Shalom Iris, we know how busy you are, so thank you for joining us. What’s the situation facing US Jews today, and how can we deal with it?


Hi, it’s great to be here. There are three issues facing US Jews today. The first is that the war in Gaza has become an outlet for latent anti-semitism. There are some really ugly things happening on our campuses and in the streets – not to mention on social media. 


The second issue is that if we stand by, this will become the new norm. It will become acceptable to express vile opinions about Jews and to incite hatred. We need to fight back now, and that requires a collective, community effort. 


The third issue is that our Jewish homeland suffered a grievous blow and is now at war. All of Israel is shocked and hurt. There are close to half a million Israelis in uniform today, either regular soldiers, recalled reservists, or police. Their families are constantly worried about them.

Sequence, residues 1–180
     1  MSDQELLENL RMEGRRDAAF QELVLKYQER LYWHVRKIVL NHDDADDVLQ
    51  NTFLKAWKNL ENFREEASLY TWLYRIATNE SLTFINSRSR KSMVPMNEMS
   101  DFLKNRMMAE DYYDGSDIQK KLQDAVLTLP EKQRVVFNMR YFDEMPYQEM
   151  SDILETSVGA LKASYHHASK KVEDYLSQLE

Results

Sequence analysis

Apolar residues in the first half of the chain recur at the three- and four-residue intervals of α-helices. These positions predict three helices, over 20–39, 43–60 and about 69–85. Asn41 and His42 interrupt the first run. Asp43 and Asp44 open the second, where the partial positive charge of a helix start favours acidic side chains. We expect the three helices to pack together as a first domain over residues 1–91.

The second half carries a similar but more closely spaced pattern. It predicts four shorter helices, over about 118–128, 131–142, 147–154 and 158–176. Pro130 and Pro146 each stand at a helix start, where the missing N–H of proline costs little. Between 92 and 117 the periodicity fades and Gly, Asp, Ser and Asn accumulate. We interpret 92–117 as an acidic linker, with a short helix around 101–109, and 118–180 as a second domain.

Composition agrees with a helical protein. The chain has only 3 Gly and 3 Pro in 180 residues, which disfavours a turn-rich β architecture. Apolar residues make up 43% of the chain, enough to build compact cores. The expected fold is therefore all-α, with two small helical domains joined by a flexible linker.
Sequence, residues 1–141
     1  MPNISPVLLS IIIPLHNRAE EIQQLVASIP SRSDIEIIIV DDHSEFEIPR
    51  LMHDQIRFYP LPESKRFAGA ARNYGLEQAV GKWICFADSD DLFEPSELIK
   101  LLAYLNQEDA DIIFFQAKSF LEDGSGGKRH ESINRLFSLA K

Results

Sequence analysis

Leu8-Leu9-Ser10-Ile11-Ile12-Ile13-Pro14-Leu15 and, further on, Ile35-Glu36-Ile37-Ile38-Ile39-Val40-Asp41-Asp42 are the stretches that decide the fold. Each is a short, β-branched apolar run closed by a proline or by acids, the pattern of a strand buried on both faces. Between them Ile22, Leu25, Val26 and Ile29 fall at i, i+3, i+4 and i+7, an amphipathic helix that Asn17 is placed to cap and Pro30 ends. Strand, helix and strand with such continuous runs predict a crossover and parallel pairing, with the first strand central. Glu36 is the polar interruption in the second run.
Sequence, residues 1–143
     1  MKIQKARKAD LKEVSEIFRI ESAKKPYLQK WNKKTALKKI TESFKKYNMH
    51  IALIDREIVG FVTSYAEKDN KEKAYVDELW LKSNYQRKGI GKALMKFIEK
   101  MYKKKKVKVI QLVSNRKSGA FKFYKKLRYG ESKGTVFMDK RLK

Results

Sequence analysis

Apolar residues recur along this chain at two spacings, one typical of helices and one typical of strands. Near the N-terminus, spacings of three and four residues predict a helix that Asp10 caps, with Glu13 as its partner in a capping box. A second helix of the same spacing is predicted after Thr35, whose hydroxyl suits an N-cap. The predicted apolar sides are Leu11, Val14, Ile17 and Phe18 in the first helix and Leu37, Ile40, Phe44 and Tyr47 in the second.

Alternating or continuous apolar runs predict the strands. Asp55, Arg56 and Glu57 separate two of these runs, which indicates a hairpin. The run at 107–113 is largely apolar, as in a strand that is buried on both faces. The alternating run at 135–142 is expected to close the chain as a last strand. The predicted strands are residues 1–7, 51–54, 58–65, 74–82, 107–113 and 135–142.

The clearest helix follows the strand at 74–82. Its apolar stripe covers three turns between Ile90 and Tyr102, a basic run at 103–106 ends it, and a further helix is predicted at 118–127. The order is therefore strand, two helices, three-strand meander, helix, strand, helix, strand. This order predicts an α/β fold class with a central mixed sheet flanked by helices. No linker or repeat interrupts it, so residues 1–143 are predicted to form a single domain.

That’s a lot to process… Let’s start with Israel. What’s really going on there?


As I said, an entire nation is in shock and the collective sense of security is shattered. It’s a small country and everybody knows someone who was murdered or injured or bereaved. Plus you have 200,000 people who are basically refugees in their own country. 


There are also lots of rocket attacks on civilian areas. The air raid sirens, explosions and sudden dashes to the shelters are enormously stressful. A lot of moms are coping on their own because their husbands are fighting in Gaza or guarding the Lebanese border. It’s terrible and it’s ordinary people who pay the price day in, day out.


The Israeli economy also took a real hit. The evacuations have really damaged agriculture and the tourist industry is dead. Every business is struggling with so many employees called back to the army. Israel needs our help. They need to see that American Jews stand with them shoulder to shoulder.


But how can we actually help from the other side of the world?